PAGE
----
Jim and Kohen hung out recently at York’s James E. (Jim) Gross Park, which was renamed from Lincoln Park in 2017 in honor of Jim’s work in the community. (Photos by Caleb Robertson for Our York Media)

Seeing the bigger picture  

Big Brothers Big Sisters of York and Adams Counties is a one-to-one mentoring program that matches children with responsible, caring adults in the community. Executive Director Linda Gorter says children enter the program between the ages of 6 and 13 and stay until they turn 18 and/or graduate from high school.  

The program accepts children who are “facing adversity” and need someone who can provide a positive influence, Linda says. About 79 percent of the 294 children in the program come from low to moderate income homes. Only 11 percent of the kids live in two-parent homes.  

“The United Way of York County makes Big Brothers Big Sisters’ work possible by providing financial support that allows our professional staff to recruit, screen, train and coach hundreds of adults and youth participants every year,” she says. 

It’s a partnership that gives volunteers, like Jim, the chance to show kids in the program a different lifestyle. In return, they often develop a greater sense of gratitude for their own lives and an appreciation for how open children can be.  

“Our volunteers are like you and me,” Linda says. “They’re not psychologists. They don’t have a master’s in social work. They’re just people who want to make a difference in the community.” 

Kohen says he enjoys spending time with Jim and thinks the two of them will still be friends when Kohen’s older. (Photo by Caleb Robertson for Our York Media)

Lasting friendship 

Jim and Kohen recently met in a city park to toss around a football. Along the way, Jim encouraged him about his passes.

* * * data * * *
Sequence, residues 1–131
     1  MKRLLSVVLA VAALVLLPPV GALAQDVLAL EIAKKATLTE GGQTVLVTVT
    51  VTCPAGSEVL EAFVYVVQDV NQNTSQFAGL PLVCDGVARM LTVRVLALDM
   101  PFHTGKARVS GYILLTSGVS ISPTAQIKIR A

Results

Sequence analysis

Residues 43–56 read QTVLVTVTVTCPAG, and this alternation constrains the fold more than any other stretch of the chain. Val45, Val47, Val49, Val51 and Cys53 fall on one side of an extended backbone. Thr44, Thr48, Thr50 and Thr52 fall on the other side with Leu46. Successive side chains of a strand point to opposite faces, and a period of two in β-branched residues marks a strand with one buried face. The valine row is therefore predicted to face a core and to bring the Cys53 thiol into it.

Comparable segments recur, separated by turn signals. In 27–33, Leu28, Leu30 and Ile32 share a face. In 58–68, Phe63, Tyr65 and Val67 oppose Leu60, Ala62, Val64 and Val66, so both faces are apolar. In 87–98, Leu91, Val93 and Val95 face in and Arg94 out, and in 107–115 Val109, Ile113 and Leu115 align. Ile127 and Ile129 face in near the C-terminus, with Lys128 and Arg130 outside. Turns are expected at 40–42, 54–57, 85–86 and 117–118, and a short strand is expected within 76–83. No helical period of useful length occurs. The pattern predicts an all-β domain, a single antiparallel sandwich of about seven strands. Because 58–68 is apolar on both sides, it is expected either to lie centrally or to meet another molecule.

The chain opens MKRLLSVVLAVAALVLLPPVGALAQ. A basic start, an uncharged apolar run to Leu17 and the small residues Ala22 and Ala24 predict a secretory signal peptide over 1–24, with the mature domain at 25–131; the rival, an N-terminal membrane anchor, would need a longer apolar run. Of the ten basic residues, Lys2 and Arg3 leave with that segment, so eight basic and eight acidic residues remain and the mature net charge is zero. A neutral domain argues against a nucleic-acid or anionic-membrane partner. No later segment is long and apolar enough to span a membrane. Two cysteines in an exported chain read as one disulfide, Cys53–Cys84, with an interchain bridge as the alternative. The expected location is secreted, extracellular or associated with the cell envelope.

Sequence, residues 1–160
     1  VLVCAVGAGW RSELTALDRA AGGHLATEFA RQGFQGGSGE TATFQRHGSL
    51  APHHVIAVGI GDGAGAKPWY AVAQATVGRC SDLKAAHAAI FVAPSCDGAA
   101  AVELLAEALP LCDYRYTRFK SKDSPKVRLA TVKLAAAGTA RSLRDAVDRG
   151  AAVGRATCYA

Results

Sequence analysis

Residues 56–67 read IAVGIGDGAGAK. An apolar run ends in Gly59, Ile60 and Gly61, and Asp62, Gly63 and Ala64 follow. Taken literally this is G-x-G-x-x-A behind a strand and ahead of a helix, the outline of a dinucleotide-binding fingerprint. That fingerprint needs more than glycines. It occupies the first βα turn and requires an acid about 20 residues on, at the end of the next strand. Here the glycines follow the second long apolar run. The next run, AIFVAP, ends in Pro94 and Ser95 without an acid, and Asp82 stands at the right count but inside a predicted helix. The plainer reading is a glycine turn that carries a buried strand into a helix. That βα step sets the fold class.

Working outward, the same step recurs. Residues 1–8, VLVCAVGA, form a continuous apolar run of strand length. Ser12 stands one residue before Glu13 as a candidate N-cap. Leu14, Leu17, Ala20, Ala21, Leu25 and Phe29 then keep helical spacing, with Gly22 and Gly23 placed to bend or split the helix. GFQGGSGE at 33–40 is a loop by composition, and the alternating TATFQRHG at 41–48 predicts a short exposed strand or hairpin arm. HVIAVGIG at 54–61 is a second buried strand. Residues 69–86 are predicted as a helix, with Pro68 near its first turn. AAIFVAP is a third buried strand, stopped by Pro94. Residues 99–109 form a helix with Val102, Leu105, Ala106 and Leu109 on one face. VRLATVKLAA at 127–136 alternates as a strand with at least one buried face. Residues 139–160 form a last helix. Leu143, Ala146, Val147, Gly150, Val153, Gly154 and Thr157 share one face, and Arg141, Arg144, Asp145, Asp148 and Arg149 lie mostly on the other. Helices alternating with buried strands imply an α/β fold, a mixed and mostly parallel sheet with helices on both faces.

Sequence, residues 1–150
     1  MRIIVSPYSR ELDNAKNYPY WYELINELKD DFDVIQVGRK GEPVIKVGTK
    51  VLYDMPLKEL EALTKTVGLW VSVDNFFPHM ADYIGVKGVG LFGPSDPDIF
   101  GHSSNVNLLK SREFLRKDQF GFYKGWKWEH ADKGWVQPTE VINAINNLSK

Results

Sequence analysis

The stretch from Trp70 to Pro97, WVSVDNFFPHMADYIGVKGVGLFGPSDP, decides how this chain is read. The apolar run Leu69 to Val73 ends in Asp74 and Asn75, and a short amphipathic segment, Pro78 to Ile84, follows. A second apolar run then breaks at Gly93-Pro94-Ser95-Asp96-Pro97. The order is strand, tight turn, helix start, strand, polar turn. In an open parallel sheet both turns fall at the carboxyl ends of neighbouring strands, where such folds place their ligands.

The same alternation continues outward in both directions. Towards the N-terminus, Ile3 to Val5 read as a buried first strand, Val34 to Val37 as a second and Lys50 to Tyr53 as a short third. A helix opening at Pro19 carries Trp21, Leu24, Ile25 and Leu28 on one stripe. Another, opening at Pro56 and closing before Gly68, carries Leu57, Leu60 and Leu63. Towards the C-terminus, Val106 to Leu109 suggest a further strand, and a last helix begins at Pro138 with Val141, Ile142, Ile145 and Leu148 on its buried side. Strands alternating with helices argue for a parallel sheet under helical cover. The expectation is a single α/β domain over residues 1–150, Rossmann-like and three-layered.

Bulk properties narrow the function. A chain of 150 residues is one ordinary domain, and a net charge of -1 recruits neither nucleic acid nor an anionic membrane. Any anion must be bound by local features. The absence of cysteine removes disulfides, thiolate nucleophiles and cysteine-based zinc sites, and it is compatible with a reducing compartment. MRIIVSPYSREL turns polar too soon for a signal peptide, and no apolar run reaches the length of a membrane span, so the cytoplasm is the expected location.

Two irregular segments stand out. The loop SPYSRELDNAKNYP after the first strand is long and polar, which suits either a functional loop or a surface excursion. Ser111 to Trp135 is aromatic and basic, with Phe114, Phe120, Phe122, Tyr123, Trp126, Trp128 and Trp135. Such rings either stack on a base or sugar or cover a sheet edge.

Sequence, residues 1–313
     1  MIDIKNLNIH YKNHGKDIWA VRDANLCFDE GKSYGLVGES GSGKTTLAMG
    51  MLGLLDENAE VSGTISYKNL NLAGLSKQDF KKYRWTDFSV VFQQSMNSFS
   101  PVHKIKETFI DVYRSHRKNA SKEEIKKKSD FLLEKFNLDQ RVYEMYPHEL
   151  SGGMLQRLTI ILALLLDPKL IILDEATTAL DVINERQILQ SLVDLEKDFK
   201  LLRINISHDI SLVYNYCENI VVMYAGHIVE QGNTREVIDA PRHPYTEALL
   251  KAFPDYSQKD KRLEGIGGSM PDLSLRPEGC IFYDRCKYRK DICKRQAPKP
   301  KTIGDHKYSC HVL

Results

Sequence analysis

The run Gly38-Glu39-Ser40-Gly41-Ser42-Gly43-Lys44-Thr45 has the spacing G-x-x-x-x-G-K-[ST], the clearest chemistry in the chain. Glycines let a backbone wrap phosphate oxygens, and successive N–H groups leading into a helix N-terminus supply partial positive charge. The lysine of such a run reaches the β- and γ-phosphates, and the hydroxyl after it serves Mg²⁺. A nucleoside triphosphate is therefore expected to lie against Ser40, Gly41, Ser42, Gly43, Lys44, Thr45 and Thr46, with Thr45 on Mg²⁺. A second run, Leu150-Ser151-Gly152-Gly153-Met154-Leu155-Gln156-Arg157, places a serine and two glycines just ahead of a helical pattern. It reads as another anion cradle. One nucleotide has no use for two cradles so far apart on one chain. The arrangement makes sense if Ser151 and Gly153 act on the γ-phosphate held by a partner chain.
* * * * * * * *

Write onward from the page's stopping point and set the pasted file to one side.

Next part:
He’s also been lending that encouraging touch when it comes to school. Kohen’s a smart kid, Jim says, but he has a hard time sitting still in class. He’s been working on getting him excited for school and teaching him more about manners.  

As the relationship progresses and Kohen gets older, Jim’s expecting it to get more difficult.  

He has to balance the fact that he’s Kohen’s big brother — not a parent or a disciplinarian. He hopes Kohen’s passion for sports such as football and wrestling help him as he ages.  

“I’m a big believer in sports keeping kids out of trouble,” Jim says.  

This year, though, the pair just has to focus on getting Kohen through third grade and a successful football season.  

Kohen says he enjoys spending time with Jim and thinks the two of them will still be friends when Kohen’s older.   

Jim agrees. 

“I think we both hope this will be lasting.”   

Big Brothers Big Sisters relies on financial support from the United Way of York County’s Community Fund, which makes relationships like Jim and Kohen’s possible. (Photo by Caleb Robertson for Our York Media)

Sponsored by United Way of York County

unitedway-york.org
uwyc@unitedway-york.org
717-843-0957
800 E. King St., York, PA 17403